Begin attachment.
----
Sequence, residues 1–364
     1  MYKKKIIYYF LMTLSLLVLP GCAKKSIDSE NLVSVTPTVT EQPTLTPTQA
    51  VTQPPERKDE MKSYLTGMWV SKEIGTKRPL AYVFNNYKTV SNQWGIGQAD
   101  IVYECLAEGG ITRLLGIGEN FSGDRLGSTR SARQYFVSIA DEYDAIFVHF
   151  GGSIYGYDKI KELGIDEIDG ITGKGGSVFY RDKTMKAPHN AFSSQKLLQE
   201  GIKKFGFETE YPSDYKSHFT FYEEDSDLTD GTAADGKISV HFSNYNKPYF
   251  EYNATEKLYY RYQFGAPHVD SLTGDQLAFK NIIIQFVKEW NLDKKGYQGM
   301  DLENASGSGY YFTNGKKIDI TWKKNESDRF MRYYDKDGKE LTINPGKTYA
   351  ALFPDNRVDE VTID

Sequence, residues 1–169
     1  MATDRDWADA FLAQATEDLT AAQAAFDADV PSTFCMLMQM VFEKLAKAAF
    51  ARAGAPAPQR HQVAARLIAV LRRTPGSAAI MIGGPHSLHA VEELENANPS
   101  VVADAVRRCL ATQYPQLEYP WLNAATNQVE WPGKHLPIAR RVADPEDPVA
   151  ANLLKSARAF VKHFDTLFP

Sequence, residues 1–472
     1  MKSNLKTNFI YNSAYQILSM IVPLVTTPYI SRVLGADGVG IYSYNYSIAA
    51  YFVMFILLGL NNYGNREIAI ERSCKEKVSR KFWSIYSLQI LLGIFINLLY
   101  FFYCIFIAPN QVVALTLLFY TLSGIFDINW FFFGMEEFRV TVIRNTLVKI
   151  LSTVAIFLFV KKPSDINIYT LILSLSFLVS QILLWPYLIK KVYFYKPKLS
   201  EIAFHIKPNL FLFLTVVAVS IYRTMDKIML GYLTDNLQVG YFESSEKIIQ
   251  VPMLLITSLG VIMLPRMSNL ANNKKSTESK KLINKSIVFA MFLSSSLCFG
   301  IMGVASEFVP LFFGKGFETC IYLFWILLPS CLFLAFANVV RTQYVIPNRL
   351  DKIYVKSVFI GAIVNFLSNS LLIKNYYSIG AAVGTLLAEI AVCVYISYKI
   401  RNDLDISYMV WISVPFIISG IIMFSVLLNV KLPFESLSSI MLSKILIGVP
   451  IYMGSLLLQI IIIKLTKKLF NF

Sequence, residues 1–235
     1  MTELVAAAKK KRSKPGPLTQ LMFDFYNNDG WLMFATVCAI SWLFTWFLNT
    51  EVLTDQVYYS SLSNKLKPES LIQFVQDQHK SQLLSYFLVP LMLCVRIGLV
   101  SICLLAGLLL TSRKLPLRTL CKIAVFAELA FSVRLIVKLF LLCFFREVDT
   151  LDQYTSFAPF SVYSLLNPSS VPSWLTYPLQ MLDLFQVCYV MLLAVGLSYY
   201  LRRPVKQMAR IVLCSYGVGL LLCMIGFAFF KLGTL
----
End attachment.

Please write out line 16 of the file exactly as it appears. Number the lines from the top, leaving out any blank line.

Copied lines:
     1  MKSNLKTNFI YNSAYQILSM IVPLVTTPYI SRVLGADGVG IYSYNYSIAA